1853 company formation: Albany industrialist and Mohawk Valley Railroad owner Erastus Corning managed to unite ten railroads together into one system, and on March 17, 1853 executives and stockholders of each company agreed to merge. The merger was approved by the state legislature on April 2, and by May 17, 1853 the New York Central Railroad was formed.

In 1867 Vanderbilt acquired control of the Albany to Buffalo running NYC. On November 1, 1869 he merged the NYC with his Hudson River Railroad into the New York Central and Hudson River Railroad. Vanderbilt's other lines were operated as part of the NYC.

In 1914, the operations of eleven subsidiaries were merged with the New York Central & Hudson River Railroad, re-forming the New York Central Railroad. From the beginning of the merge, the railroad was publicly referred to as the New York Central Lines. In the summer of 1935, the identification was changed to the New York Central System.

In 1968 the NYC merged with its former rival, the Pennsylvania Railroad, to form Penn Central (the New York, New Haven and Hartford Railroad joined in 1969). That company went bankrupt in 1970 and was taken over by the federal government and merged into Conrail in 1976. Conrail was broken up in 1998, and portions of its system was transferred to the newly formed New York Central Lines LLC, a subsidiary leased to and eventually absorbed by CSX and Norfolk Southern. Those companies' lines included the original New York Central main line, but outside that area it included lines that were never part of the New York Central system. CSX was able to take one of the most important main lines in the nation, which runs from New York City and Boston to Cleveland, Ohio, as part of the Water Level Route, while Norfolk Southern gained the Cleveland, Ohio to Chicago, Illinois portion of the line called the Chicago line.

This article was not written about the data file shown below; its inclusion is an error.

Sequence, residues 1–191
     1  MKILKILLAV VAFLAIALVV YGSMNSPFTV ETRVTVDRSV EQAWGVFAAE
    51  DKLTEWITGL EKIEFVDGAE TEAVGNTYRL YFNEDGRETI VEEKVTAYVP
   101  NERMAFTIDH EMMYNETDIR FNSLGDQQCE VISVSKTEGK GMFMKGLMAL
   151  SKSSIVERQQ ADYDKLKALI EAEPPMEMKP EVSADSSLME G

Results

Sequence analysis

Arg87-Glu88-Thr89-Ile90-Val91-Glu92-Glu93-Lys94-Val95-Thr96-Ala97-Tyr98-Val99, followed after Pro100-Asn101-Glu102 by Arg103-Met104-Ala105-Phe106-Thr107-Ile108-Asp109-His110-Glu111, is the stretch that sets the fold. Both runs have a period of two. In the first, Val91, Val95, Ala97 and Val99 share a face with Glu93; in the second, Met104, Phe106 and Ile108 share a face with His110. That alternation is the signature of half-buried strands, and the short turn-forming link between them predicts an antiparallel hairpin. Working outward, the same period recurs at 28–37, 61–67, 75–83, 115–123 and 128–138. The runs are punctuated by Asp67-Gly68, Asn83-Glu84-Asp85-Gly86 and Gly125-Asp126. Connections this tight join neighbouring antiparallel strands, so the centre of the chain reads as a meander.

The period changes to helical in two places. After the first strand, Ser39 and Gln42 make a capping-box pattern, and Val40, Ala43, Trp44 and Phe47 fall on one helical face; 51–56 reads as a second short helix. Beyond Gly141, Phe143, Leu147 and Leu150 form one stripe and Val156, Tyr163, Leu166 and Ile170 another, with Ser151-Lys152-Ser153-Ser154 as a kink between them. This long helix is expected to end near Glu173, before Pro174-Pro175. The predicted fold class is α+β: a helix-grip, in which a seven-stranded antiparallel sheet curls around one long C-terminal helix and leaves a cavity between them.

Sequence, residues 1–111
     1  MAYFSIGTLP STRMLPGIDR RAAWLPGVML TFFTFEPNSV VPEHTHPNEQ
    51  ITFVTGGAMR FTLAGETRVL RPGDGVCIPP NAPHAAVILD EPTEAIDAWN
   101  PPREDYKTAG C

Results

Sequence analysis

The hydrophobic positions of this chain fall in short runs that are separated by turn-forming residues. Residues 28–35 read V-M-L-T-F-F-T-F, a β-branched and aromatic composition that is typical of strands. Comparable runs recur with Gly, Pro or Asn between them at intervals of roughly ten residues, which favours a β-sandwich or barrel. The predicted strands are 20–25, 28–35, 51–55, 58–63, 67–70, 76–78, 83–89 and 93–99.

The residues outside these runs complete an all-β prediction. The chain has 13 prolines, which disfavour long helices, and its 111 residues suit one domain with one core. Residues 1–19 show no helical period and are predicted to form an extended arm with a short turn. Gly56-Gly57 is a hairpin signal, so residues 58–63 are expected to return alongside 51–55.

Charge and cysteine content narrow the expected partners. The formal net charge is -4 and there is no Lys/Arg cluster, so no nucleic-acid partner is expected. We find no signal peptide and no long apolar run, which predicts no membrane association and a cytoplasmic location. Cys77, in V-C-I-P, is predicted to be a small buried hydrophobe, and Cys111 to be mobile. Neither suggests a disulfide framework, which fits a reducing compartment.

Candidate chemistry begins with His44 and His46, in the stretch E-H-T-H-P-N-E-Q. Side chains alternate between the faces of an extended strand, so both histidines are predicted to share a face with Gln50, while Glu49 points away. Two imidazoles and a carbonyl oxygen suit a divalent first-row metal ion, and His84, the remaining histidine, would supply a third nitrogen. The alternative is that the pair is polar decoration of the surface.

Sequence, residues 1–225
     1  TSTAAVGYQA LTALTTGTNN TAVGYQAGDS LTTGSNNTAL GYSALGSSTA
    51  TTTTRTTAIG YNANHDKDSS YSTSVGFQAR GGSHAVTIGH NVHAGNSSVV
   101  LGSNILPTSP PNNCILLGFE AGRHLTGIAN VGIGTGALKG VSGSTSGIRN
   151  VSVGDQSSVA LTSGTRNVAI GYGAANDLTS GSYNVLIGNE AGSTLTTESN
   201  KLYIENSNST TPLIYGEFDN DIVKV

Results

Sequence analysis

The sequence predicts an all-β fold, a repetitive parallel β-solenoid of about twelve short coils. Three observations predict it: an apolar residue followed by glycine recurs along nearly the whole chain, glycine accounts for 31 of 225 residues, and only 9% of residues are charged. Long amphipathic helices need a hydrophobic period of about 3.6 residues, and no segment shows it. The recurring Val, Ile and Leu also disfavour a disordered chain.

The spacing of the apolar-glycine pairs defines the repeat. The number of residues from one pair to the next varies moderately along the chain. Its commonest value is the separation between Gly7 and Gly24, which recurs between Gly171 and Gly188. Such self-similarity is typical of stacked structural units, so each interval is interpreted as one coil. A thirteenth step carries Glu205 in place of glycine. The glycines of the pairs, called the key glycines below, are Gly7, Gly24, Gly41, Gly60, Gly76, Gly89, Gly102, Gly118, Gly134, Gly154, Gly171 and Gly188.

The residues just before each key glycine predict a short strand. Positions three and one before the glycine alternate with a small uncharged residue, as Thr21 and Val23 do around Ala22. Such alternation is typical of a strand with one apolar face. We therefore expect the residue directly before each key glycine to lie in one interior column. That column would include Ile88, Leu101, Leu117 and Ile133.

At the end of 1925, the New York Central System operated 11,584 miles (18,643 km) of road and 26,395 miles (42,479 km) of track; at the end of 1967 the mileages were 9,696 miles (15,604 km) and 18,454 miles (29,699 km).

Read more on Wikipedia.

Brand/Importer Information:
In 1924 Stephan Schaffan, Sr. founded the Atlas Tool Company in Newark, New Jersey. In 1933 his son, Stephan Schaffan, Jr., came to work for his father at the age of sixteen. Steve Jr. built model airplanes as a hobby and frequented a local hobby shop. Being an enterprising young man, he would often ask the owner if there was anything he could do to earn some extra spending money. Tired of listening to his requests, the hobby-store owner threw some model railroad track parts his way and said, "Here, see if you can improve on this".

In those days, railroad modelers had to assemble and build everything from scratch. Steve Jr. created a "switch kit" which sold so well, that the entire family worked on them in the basement at night, while doing business as usual in the machine shop during the day.

Subsequently, Steve Jr. engineered the stapling of rail to fiber track, along with inventing the first practical rail joiner and pre-assembled turnouts and flexible track. All of these products, and more, helped to popularize model railroading and assisted in the creation of a mass-market hobby. The budding entrepreneur quickly outgrew the limitations of a basement and small garage operation. Realizing they could actually make a living selling track and related products, Steve and his father had the first factory built in Hillside, New Jersey at 413 Florence Avenue in 1947. On September 30, 1949, the Atlas Tool Company was officially incorporated as a New Jersey company.

In 1985, Steve was honored posthumously for his inventions by the Model Railroad Industry Association and was inducted into the Model Railroad Industry Hall of Fame in Baltimore, Maryland. In addition, Steve was nominated and entered into the National Model Railroad Association Pioneers of Model Railroading in 1995.

In the early 1990s, the Atlas Tool Company changed its name to Atlas Model Railroad Company, Inc.

Item created by: gdm on 2017-04-30 07:01:23. Last edited by gdm on 2020-06-05 11:47:57